[PlanetCCRMA] setting up new system with Delta 1010LT + Intel HDA

Nicholas Manojlovic nicholasmanojlovic at gmail.com
Fri Nov 27 23:37:40 PST 2009

It's probably a silly big that is causing the media check to fail.

The 'upgrade' method of installing is unreliable, IMO. Its best to start
from a cleanly formatted drive. I can't work out if this is what you did or

Remember that KDE is not installed unless you select that as an option.

I never particularly liked Fedora 11 anyway on my hardware - I haven't yet
given F12 a go.

It might be worth having another go at installing again from scratch


On Sat, Nov 28, 2009 at 4:00 PM, Bruce Elliott <belliott4488 at verizon.net>wrote:

> Stephen,
> This sounded like a great idea, so I went ahead with full confidence and
> enthusiasm.  Unfortunately, it hasn't worked out so well.  I downloaded the
> .iso DVD image (several times before I was done) and attempted the upgrade,
> but the discs all keep failing the media check at the start.  I've repeated
> this several times, downloading by torrent, from a mirror, etc., and the
> sha256 hashes all look good for the .iso files - actually the same file over
> and over - but they all fail the media check in the same way.  I also
> created one of the discs on a Windows laptop, in case it was a problem with
> my DVD drive - same result.
> On one of my first attempts I tried to see if I could exit the installer
> gracefully rather than just by doing a hard reset.  I had hoped that I would
> have an option to abandon the installation at some point, but I never did,
> and the installation just carried along until it finished (with no obvious
> errors).
> So now I have Fedora 11, or at least parts of it.  I can't start KDE and if
> I try to update any software, yum fails.  When I go to the graphical
> interface to add/remove software, all the packages say "no results found".
> Running yum from the command lines fails with a message about there being no
> yum python module or something.
> The good news is that I have sound from Firefox.  The bad news is that I
> can't do much of anything else.
> I don't know what the problem is with the (multiple) F11 installation
> disc(s) I created, but now it seems like I'm stuck with this crippled
> installation until I'm ready to upgrade to F12.
> What do you suggest?  Are the x86_64 CCRMA packages for F12 stable enough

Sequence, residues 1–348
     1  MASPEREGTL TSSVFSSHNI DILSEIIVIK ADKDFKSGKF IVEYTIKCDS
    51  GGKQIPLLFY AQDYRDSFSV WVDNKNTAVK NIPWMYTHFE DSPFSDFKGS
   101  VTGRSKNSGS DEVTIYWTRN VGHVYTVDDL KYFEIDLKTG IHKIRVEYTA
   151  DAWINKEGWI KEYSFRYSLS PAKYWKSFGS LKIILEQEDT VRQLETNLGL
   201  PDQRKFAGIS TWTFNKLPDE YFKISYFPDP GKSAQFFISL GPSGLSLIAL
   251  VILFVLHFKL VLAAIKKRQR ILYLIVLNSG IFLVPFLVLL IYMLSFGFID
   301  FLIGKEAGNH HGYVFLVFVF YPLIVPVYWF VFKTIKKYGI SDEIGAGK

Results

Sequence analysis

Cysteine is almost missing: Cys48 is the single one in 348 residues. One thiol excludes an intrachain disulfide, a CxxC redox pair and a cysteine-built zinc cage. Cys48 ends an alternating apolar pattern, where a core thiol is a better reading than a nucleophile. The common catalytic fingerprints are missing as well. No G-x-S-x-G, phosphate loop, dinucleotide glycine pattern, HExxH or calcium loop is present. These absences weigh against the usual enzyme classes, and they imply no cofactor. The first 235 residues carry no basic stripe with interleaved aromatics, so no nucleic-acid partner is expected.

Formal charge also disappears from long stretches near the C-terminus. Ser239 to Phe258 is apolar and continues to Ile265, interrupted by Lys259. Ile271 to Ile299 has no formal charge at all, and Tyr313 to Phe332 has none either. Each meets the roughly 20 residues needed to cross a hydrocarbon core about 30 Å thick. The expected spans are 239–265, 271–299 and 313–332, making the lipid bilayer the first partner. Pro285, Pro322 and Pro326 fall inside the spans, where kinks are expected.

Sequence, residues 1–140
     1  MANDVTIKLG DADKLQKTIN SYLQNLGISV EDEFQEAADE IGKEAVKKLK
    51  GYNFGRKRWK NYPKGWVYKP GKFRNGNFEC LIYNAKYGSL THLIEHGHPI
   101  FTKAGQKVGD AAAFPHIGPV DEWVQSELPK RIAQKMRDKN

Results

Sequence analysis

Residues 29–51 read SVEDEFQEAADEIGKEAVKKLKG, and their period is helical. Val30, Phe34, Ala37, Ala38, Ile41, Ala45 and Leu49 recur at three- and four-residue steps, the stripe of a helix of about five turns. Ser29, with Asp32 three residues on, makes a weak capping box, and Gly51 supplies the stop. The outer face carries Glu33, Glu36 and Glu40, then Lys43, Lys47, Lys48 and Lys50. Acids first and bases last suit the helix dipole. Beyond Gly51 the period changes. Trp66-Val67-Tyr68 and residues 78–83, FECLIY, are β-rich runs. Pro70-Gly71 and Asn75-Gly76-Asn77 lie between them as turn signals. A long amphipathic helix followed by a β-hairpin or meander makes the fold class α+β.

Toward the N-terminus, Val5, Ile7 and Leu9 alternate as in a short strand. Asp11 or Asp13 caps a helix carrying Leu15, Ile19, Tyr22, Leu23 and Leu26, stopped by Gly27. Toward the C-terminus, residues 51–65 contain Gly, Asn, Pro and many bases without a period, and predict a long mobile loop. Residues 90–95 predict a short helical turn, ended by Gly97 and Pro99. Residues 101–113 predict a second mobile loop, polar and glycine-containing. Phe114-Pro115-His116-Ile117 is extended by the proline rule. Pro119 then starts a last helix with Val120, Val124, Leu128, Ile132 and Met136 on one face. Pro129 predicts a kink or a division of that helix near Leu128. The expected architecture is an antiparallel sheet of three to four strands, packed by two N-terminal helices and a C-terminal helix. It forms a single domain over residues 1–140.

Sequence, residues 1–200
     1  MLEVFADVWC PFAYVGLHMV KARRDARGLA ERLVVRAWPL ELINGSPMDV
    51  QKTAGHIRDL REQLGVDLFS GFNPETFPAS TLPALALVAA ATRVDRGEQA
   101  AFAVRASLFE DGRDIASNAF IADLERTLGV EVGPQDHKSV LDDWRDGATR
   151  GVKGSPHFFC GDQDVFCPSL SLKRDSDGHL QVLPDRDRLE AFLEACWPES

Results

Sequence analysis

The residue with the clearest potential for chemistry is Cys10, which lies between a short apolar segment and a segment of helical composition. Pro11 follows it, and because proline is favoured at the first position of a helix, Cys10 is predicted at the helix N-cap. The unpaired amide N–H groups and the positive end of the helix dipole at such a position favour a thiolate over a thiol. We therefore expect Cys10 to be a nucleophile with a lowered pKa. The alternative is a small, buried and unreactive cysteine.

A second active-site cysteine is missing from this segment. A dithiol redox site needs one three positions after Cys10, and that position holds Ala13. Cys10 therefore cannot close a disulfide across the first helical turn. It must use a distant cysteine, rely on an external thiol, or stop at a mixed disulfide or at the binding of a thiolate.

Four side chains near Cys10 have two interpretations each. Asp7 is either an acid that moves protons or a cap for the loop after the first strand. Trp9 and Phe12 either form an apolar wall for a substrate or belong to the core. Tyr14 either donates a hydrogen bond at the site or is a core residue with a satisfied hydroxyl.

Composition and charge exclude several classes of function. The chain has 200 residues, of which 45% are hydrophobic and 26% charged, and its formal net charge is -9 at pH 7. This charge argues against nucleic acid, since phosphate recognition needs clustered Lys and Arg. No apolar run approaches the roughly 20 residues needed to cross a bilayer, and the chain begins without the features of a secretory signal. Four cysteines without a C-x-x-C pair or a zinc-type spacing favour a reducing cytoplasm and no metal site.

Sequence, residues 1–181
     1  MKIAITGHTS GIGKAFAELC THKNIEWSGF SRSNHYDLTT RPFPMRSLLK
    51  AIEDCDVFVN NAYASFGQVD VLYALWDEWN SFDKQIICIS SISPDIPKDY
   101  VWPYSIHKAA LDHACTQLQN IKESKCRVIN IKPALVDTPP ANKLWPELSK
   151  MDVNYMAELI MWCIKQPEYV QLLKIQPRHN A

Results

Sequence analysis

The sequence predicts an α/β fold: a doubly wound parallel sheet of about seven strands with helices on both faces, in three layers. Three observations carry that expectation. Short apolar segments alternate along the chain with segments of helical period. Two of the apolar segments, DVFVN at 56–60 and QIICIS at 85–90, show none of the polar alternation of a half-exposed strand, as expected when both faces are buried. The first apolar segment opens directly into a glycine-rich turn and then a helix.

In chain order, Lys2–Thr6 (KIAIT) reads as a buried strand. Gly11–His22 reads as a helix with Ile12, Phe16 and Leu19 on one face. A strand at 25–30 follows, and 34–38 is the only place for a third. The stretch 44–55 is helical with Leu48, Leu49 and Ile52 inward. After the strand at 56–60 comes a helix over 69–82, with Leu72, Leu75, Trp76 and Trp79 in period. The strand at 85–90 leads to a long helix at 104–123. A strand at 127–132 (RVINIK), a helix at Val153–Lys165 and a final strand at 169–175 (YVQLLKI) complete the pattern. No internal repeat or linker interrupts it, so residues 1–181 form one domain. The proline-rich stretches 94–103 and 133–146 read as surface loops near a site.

> for a novice to be able to find his way around?  Since it looks like
> figuring out how to add the CCRMA packages to this broken F11 installation
> might take some time, I'm tempted just to go ahead and install F12 and wait
> until the 64-bit CCRMA packages are ready, if they're not yet.  Either way,
> I'm off the planet until then, so I might as well get a healthy Fedora
> installation while I'm waiting ...
> - Bruce
> ------------------------------
> *From:* Stephen Stubbs <theother1510 at sbcglobal.net>
> *To:* Bruce Elliott <belliott4488 at verizon.net>
> *Cc:* PlanetCCRMA List <planetccrma at ccrma.Stanford.EDU>
> *Sent:* Tue, November 24, 2009 10:52:15 PM
> *Subject:* Re: [PlanetCCRMA] setting up new system with Delta 1010LT +
> Intel HDA
> Hello Bruce,
> May I suggest that you install Fedora 11.  Then go to the Fedora home page
> and join the forum.  A lot of installation problems are handled there.  I'm
> on the Windows laptop now and can't confirm the exact places, but look for
> the HowTo from Danger Mouse.  He has a site where you can add all sorts of
> non-free applications (like a complete MPlayer setup, Flash Player for
> Firefox, etc.).  Danger Mouse has worked out all the issues.  You simply
> select what you want from his list and then his script pulls everything in
> (including any needed repositories) and installs it.  You may have to
> reboot.  Then the function/program  is good to go.
> Then check the archives of this list to see exactly what you need to do to
> add the PlanetCCRMA Fedora 11 repository.  Fernando told me how to do it a
> few months ago.  I think I may have just used the Fedora 10 file path,
> changed all references to Fedora 11, and got into the repository.
> Sorry I can't be more specific, but that should give you some pointers.
> For myself on Fedora 10, I loaded up everything ALSA with that one exception
> of Do Not load the ALSA-Pulse connection package, then removed everything
> that was PulseAudio that I could.  But as I said in the prior post, Fedora
> 11, ALSA, and PulseAudio seem to playing nice with each other.  So start
> working with Fedora 11 since it won't be that much longer before Fedora 10
> is no longer actively supported.  (Fedora only actively supports the most
> recent 3 versions.)
> Good Luck,
> Stephen.
> _______________________________________________
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> PlanetCCRMA at ccrma.stanford.edu
> http://ccrma-mail.stanford.edu/mailman/listinfo/planetccrma
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